×

When Real Madrid Fooball Team proposed the purchase of Spanish women’s football club Club Deportivo Tacón, producers Tomas Pastor and Ana Pastor saw a story — women’s soccer team that was going to make it into the biggest club in the world.

With the success of the U.S. women’s soccer team, they got the ball rolling and started “Un Sueño Real (A Real Dream),” a docu-series following this team’s transition from the First Division league.

However, when the coronavirus pandemic halted production and the football season, the filmmakers pivoted their storytelling. They followed the players into their homes. Stars such as Kosovare Asllani, Sofia Jakobsson and Thaisa became integral to the narrative as they continued training at home, but started to shared stories about parenting, politics, LGBTQ rights and anxiety.

Ana Pastor, Tomas Pastor and President of Exile Content, Daniel Eilemberg talk to Variety about changing the narrative during the pandemic and why telling this story is important to the face of soccer.

How did the idea for “Un Sueño Real (A Real Dream)” begin?

Daniel Eilemberg: The idea came from Newtral and we have a partnership with them to produce non-scripted content.

We were first made aware of this story through Ana Pastor and Tomas Pastor who were following the purchase of the football team, Club Deportivo Tacón. When we heard this story about a team that had made it from the First Division league less than a year before and were about to become part of Real Madrid, we saw we had a special story there.

The season was about to begin, the purchase was about to begin and we moved the production forward. But before we could move forward, we had to get approval from Real Madrid, which we did.

It was so important to be there from the first day and follow the team with cameras because this was a moment that would never happen again.

Tomas Pastor: I was reading about the impact this would have on women’s soccer and it’s going to be huge. It will impact the academies as well as women’s soccer around the world.

It was also unique opportunity to be able to shoot from the first day. To go from shooting the last day of the team as Club Deportivo Tacón and their first day as Real Madrid. We were in the locker room and in their lives.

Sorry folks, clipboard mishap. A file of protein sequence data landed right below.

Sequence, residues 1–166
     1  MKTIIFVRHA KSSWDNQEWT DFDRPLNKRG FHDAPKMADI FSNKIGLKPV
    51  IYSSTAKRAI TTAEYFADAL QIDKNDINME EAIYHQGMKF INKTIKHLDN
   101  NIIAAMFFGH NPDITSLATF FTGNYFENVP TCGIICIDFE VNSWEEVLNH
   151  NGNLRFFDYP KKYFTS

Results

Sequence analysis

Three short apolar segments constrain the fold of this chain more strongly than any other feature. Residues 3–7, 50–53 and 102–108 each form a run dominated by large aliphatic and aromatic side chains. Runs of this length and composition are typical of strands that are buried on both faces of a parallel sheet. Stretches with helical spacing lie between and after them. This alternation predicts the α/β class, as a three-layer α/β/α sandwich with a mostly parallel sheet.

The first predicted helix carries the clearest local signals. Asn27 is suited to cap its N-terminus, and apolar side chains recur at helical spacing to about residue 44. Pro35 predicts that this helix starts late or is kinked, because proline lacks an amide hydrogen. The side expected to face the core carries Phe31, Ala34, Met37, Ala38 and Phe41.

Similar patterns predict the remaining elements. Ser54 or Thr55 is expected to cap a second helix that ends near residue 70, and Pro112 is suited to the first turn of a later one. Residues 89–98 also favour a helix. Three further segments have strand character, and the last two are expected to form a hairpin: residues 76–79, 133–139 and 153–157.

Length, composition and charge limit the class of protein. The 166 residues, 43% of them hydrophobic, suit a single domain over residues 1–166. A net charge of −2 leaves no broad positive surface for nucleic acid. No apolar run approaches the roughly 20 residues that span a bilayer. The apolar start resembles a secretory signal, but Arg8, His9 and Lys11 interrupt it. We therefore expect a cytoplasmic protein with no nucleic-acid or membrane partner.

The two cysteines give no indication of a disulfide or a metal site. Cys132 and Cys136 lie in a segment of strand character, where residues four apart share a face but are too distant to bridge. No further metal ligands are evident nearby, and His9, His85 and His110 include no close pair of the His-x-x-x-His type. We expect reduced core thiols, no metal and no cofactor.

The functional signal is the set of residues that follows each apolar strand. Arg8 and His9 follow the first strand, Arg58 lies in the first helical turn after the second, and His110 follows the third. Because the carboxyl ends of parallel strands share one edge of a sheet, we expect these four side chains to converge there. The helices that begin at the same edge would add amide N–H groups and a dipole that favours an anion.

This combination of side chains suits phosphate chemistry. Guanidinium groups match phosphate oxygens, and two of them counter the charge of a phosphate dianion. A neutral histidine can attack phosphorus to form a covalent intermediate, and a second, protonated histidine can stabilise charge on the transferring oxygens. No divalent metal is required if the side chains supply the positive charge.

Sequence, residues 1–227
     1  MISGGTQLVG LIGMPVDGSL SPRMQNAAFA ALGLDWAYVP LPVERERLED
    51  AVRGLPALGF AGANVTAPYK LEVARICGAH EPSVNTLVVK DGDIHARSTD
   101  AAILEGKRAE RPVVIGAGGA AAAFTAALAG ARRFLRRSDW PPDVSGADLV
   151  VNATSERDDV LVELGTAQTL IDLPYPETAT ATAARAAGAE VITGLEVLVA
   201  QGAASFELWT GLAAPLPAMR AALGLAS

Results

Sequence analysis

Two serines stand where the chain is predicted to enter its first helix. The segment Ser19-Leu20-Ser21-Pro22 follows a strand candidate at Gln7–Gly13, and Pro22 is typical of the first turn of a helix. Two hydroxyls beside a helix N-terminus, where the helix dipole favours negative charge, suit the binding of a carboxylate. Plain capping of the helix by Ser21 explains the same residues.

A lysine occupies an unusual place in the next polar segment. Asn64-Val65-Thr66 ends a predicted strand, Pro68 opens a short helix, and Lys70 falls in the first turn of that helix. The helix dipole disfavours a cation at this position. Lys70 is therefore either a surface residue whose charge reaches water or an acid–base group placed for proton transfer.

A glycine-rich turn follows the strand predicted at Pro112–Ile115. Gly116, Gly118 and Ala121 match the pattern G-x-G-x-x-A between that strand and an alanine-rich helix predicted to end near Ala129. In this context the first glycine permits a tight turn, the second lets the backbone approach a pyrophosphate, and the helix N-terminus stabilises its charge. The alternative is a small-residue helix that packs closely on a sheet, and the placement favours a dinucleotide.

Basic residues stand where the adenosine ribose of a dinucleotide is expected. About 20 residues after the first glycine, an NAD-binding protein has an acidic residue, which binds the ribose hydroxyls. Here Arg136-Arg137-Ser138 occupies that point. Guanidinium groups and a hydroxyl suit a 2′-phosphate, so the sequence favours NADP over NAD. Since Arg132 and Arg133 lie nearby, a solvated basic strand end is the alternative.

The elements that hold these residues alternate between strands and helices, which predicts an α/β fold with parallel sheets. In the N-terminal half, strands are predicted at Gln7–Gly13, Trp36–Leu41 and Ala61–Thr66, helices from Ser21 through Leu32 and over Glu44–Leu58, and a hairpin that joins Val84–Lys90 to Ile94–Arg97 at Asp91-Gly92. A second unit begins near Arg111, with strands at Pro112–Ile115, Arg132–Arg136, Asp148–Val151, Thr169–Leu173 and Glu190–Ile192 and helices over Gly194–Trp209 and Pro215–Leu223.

You started shooting this in August, and the world took a turn in 2020 when we went into lockdown and soccer was canceled, how did that impact your production?

Tomas Pastor: When the lockdown happened, we contacted the players and asked if we could shoot them in their homes. We followed their training virtually and met on Skype with the coaches and were with them during the lockdown.

In one episode, we had a moment with Isa Moreno (Midfielder) she has a conversation with her mother where she says, “Mom, you didn’t want me to play soccer as a kid.” That would never happen with little boys, so we caught nice moments like that.

You can see how they overcome difficulties as a team and individuals because of it.

Eilemberg: It was a difficult production challenge and one we had to learn how to contend with, but it’s an interesting turn of events within the series and we get to highlight how the sport treats men and women.

We also get to look at the dynamics of a team forced to train and live individually and adds this great layer to the storytelling.

Ana Pastor: The men’s team were able to resume training in May, but the female leagues had to cancel any competition. As filmmakers, we really got to see the disparity between genders. Even in training, you can see how Sergio Ramos who is the captain for the men’s Real Madrid team has a home gym and can train. If you compare the women’s training, they’re at home training with bottles of water for weights. So, we were really able to bring that to light.

How did the crew size change because you can’t have 100 people on a set?

Tomas Pastor: Our post-Covid crew is made up of a cameraman, a sound person and a reporter. We have to follow the regulations set by the Spanish government and social distance.

How did your shooting time get delayed by the lockdown?

Ana Pastor: Our shooting has been extended by two months because of the pandemic.

Eilemberg: Structure-wise, it’s still four episodes and we stuck to that, but the storyline shifted. Six games still needed to be played and things were left up in the air a bit as we didn’t really have the ending anymore, but we did find a way to close out the series during all of this.

Ana Pastor: They closed the season in May and now it’s starting up in September. So, we have to follow the journey because the merger was just completed this past July 1.

Are you seeing an interest in women’s soccer because of Real Madrid’s Women’s Team and the success of the U.S. Soccer team?

Ana Pastor: Absolutely, yes. In the documentary, there’s a little girl asking why they don’t have women in football cards, and they don’t. The cards only feature men. So, her mother creates these stickers with women players just for her. We were recording that moment, but what happened, since we made the documentary, they have the cards.

It’s really a new phase in women’s soccer and that’s what the documentary will show — the genesis of this team.